Mérida, June 2nd 2011 (Venezuelanalysis.com) – On Tuesday Venezuelan authorities detained another suspected member of the Armed Revolutionary Forces of Colombia (FARC), promising to extradite 57-year old Guillermo Enrique Torres (aka Julián Conrado, or “The Singer”) to neighboring Colombia in the coming days. In what has become a repeated occurrence in recent months, Venezuelan and Colombian authorities are said to have worked together to capture the suspected rebel.
Torres, a leftist singer-songwriter from Colombia, was first thought to have been killed during Colombia’s 2008 raid on a FARC encampment in Ecuador. DNA evidence later proved that the victim was not Torres but an Ecuadorian civilian.
On Wednesday Venezuela’s Ministry for Justice and the Interior confirmed the detention and pending extradition of Guillermo Enrique Torres, stating that “after detaining the citizen in question [Torres], we informed the governmental authorities of Republic of Colombia, and the corresponding paperwork began so as to place him in the judicial custody of that country.”
Colombian President Juan Manuel Santos on Wednesday told reporters that Venezuelan President Hugo Chávez had guaranteed him that Torres “will be handed over to us.”
Colombian Minister of Defense Rodrigo Rivera detailed the Colombian-Venezuelan collaboration that led to Torres’ detention.
“Our intelligence agencies had been after him for years, until finally, we were able to secure a credible piece of information that proved to us that he was in Venezuela. We informed the Venezuelan authorities, who responded immediately, and yesterday morning they made the capture,” said Rivera.
Both Santos and Rivera thanked the Venezuelan government for its support in detaining Torres.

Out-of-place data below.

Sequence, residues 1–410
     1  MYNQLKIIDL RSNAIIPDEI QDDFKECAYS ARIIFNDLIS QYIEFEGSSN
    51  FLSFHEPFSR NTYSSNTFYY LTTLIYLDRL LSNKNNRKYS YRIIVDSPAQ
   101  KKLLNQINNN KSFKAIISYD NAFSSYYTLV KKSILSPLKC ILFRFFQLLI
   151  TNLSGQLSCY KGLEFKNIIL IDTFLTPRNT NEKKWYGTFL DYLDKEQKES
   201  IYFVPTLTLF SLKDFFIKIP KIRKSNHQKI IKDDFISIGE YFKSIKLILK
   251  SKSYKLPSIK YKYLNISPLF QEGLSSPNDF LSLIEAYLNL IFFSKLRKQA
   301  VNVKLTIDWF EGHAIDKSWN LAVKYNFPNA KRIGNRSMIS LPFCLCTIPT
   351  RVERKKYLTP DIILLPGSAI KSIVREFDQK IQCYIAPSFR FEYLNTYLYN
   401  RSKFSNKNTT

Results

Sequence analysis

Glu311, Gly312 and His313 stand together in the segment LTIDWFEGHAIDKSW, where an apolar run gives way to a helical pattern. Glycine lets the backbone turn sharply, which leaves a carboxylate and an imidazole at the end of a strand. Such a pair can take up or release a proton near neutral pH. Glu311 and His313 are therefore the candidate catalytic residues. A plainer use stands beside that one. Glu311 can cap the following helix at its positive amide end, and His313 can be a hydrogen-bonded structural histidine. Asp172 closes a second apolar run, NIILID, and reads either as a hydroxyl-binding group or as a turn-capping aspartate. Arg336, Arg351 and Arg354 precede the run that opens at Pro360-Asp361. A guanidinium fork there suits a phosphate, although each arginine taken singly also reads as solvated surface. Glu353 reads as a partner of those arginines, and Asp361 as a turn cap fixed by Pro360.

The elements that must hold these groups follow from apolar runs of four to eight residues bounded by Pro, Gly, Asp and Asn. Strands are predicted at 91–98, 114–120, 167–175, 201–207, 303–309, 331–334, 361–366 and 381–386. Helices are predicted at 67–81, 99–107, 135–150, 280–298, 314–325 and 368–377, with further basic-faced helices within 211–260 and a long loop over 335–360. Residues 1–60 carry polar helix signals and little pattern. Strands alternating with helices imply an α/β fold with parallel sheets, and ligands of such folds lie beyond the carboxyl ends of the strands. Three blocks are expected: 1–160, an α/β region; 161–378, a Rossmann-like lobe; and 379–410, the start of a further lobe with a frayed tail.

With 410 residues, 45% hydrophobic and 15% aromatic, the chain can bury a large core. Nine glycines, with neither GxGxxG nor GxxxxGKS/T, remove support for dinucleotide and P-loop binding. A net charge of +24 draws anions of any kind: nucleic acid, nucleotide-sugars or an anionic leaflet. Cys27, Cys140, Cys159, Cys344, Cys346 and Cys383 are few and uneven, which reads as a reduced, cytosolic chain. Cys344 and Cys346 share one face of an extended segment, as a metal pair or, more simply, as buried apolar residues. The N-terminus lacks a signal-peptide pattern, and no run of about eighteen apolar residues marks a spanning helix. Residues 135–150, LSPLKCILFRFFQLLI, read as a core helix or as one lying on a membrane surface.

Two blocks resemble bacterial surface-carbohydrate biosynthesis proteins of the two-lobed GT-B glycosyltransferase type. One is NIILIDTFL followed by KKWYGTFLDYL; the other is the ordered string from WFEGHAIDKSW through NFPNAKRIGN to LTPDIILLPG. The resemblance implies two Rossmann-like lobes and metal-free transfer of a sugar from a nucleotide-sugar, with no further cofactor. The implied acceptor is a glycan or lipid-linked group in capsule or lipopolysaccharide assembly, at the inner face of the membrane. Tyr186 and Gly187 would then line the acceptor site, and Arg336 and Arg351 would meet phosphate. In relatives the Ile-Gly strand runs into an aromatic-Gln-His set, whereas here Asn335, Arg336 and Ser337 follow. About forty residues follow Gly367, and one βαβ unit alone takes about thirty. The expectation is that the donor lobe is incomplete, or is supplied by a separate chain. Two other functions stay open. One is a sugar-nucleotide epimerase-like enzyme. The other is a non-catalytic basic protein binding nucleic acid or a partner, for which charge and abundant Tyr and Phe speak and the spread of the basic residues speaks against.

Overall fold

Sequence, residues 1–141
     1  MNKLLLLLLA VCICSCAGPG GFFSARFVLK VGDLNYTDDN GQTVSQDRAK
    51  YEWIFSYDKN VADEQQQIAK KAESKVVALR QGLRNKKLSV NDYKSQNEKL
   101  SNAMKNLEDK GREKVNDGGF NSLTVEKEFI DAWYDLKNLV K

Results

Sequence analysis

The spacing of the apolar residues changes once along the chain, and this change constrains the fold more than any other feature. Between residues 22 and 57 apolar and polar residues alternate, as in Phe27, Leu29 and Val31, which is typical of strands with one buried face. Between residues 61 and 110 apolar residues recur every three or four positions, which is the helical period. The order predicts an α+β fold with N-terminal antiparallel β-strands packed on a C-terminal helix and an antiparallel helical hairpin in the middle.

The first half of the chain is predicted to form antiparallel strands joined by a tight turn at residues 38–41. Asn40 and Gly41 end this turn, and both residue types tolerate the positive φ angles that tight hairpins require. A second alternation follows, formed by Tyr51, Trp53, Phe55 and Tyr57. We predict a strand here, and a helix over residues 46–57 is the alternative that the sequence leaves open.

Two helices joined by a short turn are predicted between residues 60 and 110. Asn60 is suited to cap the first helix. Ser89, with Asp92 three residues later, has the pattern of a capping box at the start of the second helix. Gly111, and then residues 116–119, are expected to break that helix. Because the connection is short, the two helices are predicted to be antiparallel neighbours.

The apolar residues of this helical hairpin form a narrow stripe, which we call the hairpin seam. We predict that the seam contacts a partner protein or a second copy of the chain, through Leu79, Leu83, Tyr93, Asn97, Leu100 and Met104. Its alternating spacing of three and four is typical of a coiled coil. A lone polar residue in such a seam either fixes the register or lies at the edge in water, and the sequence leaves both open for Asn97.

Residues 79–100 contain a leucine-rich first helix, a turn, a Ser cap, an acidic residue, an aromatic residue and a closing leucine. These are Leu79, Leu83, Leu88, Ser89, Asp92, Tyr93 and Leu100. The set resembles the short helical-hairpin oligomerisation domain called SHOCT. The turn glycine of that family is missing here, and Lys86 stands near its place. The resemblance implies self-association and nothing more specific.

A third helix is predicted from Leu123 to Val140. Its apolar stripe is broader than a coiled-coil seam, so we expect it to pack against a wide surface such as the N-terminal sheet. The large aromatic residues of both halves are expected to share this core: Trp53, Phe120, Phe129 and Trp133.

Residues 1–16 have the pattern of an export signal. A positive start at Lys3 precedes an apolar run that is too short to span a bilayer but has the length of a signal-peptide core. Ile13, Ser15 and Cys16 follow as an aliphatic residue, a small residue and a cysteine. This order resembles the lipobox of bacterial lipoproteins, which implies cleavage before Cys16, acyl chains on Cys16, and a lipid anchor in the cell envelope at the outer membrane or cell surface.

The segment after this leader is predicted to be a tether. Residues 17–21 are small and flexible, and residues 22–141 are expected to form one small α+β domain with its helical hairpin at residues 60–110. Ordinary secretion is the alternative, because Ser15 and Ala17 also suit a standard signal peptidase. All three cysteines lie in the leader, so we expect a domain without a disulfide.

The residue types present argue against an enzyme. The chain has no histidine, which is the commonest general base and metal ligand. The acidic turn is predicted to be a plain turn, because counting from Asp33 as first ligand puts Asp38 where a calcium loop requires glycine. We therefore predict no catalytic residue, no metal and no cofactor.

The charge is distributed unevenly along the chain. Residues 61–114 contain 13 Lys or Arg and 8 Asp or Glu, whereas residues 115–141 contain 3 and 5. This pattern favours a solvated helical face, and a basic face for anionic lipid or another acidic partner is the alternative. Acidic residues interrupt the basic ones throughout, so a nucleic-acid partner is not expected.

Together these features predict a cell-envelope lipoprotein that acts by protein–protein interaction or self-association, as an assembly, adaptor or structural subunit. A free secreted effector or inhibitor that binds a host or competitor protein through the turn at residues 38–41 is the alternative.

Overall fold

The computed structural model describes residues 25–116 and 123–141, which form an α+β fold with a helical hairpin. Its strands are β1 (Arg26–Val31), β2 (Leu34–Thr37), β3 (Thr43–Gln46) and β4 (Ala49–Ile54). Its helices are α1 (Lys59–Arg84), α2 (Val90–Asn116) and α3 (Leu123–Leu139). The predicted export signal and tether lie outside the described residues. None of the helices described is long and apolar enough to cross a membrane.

In a posting on his presidential website, Santos affirmed that “the collaboration of the Venezuelan government is going to help the (Colombian) Armed Forces be much more effective than they have been” in the fight against Colombia’s armed insurgencies.
Who is Julián Conrado?
According to terra.com.co, Conrado took up arms against the Colombian government as a result of unsuccessful dialogues between his movement, Unión Patriótica (Patriotic Union), and the government of Belisario Betancur Cuartas (1982-1986). In 1983, after the entire national leadership of the Patriotic Union was assassinated by Colombian military and paramilitary forces, Conrado is said to have joined the FARC insurgency. He was 29 years old at the time.
“After they began to kill the compañeros [comrades] who had accompanied me in struggles for simple social revendications,” Conrado is quoted as saying, “that’s when I decided that in Colombia it is easier to organize a guerrilla than it is to organize a community action committee.”
Conrado became a recognized cultural figure within the FARC and Colombian society back in 2000, after his performances of a politicized ‘vallenato’ – a type of popular folk music from Colombia Caribbean coast – served as introductions to dialogues between FARC founder Manuel Marulanda Vélez and then Colombian President Andrés Pastrana (1998-2002).
Born in 1957, Conrado is said to have composed over 100 songs of protest, including “From my village to the guerrilla,” an unofficial anthem of the FARC insurgency.
Conrado’s detention and pending extradition has resulted in some within the Venezuelan left to make comparisons with the April 2011 detention and deportation of alternative journalist Joaquín Pérez Becerra – a Colombia-born media activist of the Unión Patriótica granted political asylum in Sweden in 2000.
Both the Venezuelan Communist Party and Aporrea.org have questioned the political wisdom of Venezuela’s ongoing collaboration with Colombian authorities in their decades-long war with the FARC insurgency.